There is little doubt that South Africa will pick their best possible team for the second Test against India and improve the balance of the side.
The Proteas struggled with only five specialist batsmen and Dane Vilas in the first Test, twice getting bowled out for less than 200. While the bowlers did well enough in Mohali, the batsmen let the team down with poor application and decision making.
That will have to improve in Bangalore come Saturday.
JP Duminy and Morne Morkel are expected to be fit for the clash and they should slot straight back into the XI. Dale Steyn’s participation is less certain. The fast bowler is struggling with a groin strain and it is unlikely the selectors will risk him if he isn’t 100% fit.
There are still three Tests left and losing Steyn for just one game will be less of a blow compared to him missing the rest of the series if they gamble on his fitness now.
Duminy’s return means it is unlikely South Africa will field two specialist spinners again, especially if Steyn recovers in time. Although both Simon Harmer and Imran Tahir did well in the first Test, it would not make sense to have both of them in the team when the likes of Dean Elgar and Duminy are there to help share the load.
Three seamers, three spinners and a part-timer in Stiaan van Zyl should be enough ammunition to bowl India out twice. SACricketmag.com writer Tom Sizeland writes that South Africa have the right balance in the batting order when Duminy returns, but that they are batting in the wrong order.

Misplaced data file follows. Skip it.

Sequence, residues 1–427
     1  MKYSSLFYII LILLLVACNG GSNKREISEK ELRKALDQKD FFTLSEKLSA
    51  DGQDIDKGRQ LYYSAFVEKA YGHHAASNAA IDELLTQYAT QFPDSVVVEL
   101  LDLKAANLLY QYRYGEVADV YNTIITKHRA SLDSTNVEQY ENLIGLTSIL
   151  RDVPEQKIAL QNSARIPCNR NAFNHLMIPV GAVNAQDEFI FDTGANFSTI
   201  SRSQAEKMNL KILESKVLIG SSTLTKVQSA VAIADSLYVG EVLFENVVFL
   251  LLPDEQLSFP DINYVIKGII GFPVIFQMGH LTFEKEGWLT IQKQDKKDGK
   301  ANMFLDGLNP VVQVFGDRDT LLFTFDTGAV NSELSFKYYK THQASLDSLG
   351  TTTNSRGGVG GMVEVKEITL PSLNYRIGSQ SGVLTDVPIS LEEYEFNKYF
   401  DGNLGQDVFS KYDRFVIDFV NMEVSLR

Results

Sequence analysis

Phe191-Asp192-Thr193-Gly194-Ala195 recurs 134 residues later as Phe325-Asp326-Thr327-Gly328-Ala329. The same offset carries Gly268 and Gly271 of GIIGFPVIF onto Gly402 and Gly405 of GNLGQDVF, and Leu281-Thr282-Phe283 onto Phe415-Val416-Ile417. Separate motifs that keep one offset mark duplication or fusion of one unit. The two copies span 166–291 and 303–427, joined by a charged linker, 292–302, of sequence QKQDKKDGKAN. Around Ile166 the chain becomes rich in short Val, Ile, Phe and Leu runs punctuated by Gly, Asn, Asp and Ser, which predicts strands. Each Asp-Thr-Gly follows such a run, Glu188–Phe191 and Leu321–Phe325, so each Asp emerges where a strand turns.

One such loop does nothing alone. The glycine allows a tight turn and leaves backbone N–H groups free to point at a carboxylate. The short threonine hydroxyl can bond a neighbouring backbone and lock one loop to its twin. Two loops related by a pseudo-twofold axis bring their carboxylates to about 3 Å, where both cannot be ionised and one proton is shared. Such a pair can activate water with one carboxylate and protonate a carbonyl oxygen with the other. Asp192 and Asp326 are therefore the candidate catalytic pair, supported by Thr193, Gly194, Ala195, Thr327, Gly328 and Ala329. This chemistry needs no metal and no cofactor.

It’s an interesting argument and certainly worth exploring, but it is unlikely to happen in the middle of a Test series in India. Now is perhaps not the right time to start fiddling with the batting order, especially after just one Test. However, there is little doubt that AB de Villiers should bat at No 4.
A less disruptive reshuffle would be to move De Villiers to No 4 and Hashim Amla to No 3, while Faf du Plessis shifts down the order to No 5 with Stiaan van Zyl remaining Dean Elgar’s opening partner. These changes are also unlikely to be implemented in the next Test but they should have little effect on the players who have batted in those positions before.
For now, the batting order isn’t really the problem. Scoring runs is and it is here where the focus will be when the second Test starts on Saturday.